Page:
Which "Wire" character is Omar Minaya?

Leave a comment

You can get straight-up baseball analysis anywhere, but only a handful of websites ask the things I really want to know. Questions like, “if Omar Minaya were a character from ‘The Wire,’ who would he be?”

You know who I think it is, it’s Pryzbylewski.
Prezbo is clearly a guy, like Omar as a GM, who is thrown into a
certain situation. Prezbo was in the police department where everything
lines up for him to be there, but maybe it’s not the best situation for
him. Like Prezbo was better off at school, maybe Minaya should be on
the sidelines as a scout–head of scouting–because he gets a deer in the
headlights look as GM. He makes some silly signings, like Prezbo shoots
a cop accidentally. I think that’s it. That’s my on the spot answer.

Of course Prezbo went on to be a competent teacher, and I’m struggling to think what Omar would do in civilian life as it were.

But it’s an interesting question, not just for Minaya, but for other baseball figures as well.  Jay at Fack Youk — who tipped me to the above — thinks that Minaya is more of a Herc figure. I think that works better.  He also thinks that Brian Cashman is Stringer Bell.  There’s merit to that too.

I’ll add a couple: I imagine we can all agree that Scott Boras is Clay Davis: totally full of crap and shady as hell, but basically bulletproof as he rakes in the dough. Tony La Russa is Bunny Colvin: the cop who legalized drugs on his beat, realized great success as a result, but had a lot of heat come down later.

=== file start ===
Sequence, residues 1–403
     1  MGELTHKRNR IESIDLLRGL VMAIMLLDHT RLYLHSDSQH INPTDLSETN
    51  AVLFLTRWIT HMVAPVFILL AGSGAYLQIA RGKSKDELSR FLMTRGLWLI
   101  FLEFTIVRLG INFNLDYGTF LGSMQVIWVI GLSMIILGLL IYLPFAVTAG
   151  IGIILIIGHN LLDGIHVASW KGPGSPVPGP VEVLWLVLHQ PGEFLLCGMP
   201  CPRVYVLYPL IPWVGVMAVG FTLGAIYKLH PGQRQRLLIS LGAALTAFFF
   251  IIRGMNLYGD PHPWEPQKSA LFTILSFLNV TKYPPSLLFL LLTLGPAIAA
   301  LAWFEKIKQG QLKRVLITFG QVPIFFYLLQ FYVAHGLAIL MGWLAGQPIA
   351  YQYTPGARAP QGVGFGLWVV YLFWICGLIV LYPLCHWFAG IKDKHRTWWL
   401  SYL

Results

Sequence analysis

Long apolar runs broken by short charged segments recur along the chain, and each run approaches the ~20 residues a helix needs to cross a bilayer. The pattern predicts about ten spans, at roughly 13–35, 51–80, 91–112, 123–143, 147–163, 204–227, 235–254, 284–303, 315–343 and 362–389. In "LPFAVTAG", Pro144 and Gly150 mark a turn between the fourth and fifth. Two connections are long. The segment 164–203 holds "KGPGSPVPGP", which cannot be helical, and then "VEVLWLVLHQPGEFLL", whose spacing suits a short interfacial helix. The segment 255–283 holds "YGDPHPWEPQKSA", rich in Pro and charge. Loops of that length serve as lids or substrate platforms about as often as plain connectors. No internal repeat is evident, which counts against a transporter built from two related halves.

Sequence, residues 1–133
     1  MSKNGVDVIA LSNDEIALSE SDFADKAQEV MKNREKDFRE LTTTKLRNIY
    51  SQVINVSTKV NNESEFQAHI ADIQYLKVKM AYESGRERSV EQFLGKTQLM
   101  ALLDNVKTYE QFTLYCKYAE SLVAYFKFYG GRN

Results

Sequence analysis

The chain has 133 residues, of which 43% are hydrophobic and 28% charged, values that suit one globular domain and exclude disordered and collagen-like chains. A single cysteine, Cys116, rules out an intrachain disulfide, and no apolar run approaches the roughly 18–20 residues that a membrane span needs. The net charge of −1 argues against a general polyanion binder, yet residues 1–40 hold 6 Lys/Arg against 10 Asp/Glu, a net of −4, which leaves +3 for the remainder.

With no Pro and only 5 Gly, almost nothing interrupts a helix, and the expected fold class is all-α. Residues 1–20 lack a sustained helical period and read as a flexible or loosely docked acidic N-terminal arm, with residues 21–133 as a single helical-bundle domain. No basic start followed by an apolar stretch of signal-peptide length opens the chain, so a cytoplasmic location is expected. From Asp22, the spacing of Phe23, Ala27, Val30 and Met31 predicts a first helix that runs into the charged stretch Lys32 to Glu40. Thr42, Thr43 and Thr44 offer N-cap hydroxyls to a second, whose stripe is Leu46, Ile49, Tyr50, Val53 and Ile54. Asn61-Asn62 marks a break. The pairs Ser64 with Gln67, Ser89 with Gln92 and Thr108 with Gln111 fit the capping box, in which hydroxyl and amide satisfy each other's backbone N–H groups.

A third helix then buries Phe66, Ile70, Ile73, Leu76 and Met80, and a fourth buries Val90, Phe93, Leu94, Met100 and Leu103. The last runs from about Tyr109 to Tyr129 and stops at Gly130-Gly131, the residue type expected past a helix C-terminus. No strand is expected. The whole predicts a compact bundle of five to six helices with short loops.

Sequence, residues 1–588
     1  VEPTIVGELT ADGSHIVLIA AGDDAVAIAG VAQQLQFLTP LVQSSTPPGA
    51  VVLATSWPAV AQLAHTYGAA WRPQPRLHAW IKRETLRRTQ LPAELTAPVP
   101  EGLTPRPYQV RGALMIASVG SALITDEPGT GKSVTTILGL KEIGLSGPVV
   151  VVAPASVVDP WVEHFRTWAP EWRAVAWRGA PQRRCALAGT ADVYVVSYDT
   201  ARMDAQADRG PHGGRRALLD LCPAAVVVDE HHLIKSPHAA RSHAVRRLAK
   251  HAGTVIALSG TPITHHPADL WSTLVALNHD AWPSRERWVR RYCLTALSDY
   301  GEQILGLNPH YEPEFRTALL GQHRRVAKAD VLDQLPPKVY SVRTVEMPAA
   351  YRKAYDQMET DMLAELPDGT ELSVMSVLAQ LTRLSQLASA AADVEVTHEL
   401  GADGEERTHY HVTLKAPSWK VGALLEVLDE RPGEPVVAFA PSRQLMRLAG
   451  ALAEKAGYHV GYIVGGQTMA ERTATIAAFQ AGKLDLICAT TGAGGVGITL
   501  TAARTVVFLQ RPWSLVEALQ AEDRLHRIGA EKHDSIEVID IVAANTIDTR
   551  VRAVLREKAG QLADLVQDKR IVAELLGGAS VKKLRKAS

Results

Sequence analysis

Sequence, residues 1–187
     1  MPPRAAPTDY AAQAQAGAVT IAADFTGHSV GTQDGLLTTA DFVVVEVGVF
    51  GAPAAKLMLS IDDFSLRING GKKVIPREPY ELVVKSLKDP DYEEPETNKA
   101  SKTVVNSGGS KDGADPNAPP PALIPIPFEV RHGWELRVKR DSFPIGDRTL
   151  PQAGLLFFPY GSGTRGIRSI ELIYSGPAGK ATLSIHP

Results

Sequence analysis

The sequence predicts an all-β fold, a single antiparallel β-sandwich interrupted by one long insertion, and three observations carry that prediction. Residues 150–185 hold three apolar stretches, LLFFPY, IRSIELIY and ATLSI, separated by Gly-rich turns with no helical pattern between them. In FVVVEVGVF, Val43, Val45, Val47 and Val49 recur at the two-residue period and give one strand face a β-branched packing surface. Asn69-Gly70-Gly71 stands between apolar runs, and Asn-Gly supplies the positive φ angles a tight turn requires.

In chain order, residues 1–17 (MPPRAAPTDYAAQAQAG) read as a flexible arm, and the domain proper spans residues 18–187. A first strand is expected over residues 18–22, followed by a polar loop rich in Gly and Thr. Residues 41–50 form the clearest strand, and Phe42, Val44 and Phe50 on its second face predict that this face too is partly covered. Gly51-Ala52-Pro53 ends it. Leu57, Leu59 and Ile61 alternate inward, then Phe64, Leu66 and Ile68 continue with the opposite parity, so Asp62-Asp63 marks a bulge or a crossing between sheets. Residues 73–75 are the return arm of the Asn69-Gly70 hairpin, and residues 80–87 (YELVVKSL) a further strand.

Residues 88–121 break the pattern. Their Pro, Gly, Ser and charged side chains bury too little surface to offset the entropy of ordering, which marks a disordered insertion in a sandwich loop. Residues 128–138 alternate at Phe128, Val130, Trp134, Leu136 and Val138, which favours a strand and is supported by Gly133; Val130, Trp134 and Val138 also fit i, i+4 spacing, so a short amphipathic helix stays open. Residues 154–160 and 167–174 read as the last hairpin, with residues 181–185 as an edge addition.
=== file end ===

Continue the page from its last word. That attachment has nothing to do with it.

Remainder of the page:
I’m sure you guys can think of some other examples. 

Adrian Gonzalez plans to play next season

Getty Images
Leave a comment

Bob Nightengale reports that Adrian Gonzalez plans to play in 2019 and the Diamondbacks are “one of the teams who may have interest.”

Well, now that they’ve traded way Paul Goldschmidt I suppose they have an opening.

The Mets released Gonzalez on June 10, after he completed a 54-game tenure with a batting line of .237/.299/.373 and only six homers. No one else showed interest in the five-time All-Star after the Mets cast him off and, as such, one might have felt comfortable saying that his playing days were over. He thinks differently, however, and apparently the Dbacks are at least willing to listen. He will turn 37 in May and will almost certainly have to settle for a minor league contract, but if the man wants to play, that will not be an obstacle.